After sitting in the queue for a few days, an undeliverable message will time out. This is to insure that at least the sender is aware of the inability to send a message. The timeout is typically set to five days. It is sometimes considered convenient to also send a warning message if the message is in the queue longer than a few hours (assuming you normally have good connectivity; if your messages normally took several hours to send you wouldn't want to do this because it wouldn't be an unusual event). These timeouts are set using the Timeout.queuereturn and Timeout.queuewarn options in the configuration file (previously both were set using the T option).

If the message is submitted using the NOTIFY SMTP extension, warning messages will only be sent if NOTIFY=DELAY is specified. The queuereturn and queuewarn timeouts can be further qualified with a tag based on the Precedence: field in the message; they must be one of urgent (indicating a positive non-zero precedence) normal (indicating a zero precedence), or non-urgent (indicating negative precedences). For example, setting Timeout.queuewarn.urgent=1h sets the warning timeout for urgent messages only to one hour. The default if no precedence is indicated is to set the timeout for all precedences. The value "now" can be used for -O Timeout.queuereturn to return entries immediately during a queue run, e.g., to bounce messages independent of their time in the queue.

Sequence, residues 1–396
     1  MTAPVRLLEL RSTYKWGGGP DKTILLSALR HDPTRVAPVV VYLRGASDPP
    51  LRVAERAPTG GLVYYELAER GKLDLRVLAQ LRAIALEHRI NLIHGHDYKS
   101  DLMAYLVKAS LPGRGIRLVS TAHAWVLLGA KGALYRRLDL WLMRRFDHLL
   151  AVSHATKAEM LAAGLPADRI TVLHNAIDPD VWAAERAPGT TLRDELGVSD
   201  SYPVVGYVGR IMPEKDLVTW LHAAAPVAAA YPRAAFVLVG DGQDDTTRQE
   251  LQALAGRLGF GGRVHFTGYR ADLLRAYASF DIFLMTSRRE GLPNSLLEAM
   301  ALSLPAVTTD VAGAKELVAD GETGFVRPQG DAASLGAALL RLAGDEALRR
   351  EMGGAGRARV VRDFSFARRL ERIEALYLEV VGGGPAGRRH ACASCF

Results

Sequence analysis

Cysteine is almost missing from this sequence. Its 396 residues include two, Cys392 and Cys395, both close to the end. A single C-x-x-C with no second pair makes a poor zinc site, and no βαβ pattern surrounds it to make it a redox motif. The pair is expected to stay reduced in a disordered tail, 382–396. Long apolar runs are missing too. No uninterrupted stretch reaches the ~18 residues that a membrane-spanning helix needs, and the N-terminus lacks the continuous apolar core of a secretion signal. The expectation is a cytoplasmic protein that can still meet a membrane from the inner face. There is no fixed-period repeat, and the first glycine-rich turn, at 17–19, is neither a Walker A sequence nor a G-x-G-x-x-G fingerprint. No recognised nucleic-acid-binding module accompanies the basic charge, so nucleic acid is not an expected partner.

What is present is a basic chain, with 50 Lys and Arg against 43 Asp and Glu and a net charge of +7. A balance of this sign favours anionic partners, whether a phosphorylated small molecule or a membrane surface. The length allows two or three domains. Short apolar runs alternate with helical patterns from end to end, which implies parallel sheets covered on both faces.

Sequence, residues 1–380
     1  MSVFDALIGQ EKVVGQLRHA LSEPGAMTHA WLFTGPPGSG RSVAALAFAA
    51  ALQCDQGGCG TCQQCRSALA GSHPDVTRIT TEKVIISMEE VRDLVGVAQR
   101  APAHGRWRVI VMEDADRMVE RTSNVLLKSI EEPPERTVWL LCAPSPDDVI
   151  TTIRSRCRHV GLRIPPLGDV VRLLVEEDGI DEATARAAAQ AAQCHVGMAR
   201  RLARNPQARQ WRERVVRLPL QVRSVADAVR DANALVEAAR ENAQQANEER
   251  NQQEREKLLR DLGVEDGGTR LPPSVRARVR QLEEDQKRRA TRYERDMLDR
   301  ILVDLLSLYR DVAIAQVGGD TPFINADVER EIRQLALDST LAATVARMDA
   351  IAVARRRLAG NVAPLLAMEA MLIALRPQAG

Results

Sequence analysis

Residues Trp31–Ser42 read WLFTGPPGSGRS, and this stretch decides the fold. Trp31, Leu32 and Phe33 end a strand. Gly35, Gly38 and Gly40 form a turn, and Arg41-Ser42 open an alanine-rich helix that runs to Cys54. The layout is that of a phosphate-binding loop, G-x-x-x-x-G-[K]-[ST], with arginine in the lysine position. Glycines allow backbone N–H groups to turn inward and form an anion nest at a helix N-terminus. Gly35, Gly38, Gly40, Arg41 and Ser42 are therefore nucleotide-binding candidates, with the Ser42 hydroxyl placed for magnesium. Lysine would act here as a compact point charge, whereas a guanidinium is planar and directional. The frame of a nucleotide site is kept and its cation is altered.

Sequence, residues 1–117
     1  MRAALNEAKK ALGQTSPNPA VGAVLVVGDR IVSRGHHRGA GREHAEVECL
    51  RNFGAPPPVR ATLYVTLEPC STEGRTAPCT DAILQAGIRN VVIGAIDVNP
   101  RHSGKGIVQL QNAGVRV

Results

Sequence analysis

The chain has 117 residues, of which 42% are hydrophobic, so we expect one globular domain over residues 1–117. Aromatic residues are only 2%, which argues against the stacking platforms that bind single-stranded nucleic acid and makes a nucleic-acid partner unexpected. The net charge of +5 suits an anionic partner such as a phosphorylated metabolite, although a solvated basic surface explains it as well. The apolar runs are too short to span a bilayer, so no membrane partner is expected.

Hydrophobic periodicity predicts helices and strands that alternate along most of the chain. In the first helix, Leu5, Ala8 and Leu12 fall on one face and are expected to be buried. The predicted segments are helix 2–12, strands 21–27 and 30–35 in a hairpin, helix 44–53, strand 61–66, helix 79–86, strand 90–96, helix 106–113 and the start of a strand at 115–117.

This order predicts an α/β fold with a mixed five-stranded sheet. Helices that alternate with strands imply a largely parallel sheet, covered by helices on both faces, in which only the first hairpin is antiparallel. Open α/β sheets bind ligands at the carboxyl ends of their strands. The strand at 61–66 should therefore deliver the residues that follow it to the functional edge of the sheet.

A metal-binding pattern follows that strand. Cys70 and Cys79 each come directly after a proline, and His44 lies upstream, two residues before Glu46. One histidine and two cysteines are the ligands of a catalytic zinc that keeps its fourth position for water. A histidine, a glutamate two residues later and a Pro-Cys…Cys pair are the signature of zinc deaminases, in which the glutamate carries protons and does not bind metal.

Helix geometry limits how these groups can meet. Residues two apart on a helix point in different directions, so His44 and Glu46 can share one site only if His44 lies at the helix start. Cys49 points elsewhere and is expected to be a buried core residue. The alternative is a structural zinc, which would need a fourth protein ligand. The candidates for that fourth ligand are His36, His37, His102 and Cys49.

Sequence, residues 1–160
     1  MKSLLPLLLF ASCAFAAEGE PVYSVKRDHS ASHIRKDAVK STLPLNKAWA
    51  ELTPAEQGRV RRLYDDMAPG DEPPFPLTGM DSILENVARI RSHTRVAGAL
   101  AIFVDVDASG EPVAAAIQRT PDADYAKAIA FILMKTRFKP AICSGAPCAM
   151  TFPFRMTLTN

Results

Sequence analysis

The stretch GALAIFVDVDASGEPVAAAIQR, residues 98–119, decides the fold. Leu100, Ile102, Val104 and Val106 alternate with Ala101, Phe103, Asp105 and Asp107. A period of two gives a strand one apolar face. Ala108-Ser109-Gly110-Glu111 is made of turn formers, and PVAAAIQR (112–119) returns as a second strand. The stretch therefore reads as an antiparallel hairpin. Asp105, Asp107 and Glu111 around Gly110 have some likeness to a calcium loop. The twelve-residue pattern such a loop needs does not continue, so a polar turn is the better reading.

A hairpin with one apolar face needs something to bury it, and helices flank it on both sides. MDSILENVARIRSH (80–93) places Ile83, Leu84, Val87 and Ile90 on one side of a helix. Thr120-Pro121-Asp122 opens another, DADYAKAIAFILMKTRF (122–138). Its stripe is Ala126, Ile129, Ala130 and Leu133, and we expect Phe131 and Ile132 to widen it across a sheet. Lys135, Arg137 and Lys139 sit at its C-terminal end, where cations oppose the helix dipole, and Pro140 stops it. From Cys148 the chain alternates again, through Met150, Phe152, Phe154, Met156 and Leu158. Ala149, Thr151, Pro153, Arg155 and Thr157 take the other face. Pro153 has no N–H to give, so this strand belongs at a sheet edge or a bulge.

Since these options are global, and since you cannot know a priori how long another host outside your domain will be down, a five day timeout is recommended. This allows a recipient to fix the problem even if it occurs at the beginning of a long weekend. RFC 1123 section says that this parameter should be ``at least 4-5 days''.

The Timeout.queuewarn value can be piggybacked on the T option by indicating a time after which a warning message should be sent; the two timeouts are separated by a slash. For example, the line